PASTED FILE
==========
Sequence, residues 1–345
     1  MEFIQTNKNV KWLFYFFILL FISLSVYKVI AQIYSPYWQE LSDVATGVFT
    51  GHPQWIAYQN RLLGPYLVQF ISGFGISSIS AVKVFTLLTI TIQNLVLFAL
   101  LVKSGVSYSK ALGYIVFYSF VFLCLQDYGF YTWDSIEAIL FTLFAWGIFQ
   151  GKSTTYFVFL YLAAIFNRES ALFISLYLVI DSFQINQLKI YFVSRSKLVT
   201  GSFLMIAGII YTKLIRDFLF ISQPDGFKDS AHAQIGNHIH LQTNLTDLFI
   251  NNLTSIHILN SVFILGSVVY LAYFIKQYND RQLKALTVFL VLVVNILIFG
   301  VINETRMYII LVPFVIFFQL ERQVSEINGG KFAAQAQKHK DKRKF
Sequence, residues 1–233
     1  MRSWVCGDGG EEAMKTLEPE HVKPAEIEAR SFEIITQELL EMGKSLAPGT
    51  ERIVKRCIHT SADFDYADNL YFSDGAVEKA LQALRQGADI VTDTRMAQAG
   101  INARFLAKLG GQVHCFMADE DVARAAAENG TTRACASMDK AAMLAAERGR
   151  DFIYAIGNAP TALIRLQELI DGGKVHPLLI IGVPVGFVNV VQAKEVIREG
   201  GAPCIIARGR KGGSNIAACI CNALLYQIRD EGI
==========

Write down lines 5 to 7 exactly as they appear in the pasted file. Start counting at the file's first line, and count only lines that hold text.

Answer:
   151  GKSTTYFVFL YLAAIFNRES ALFISLYLVI DSFQINQLKI YFVSRSKLVT
   201  GSFLMIAGII YTKLIRDFLF ISQPDGFKDS AHAQIGNHIH LQTNLTDLFI
   251  NNLTSIHILN SVFILGSVVY LAYFIKQYND RQLKALTVFL VLVVNILIFG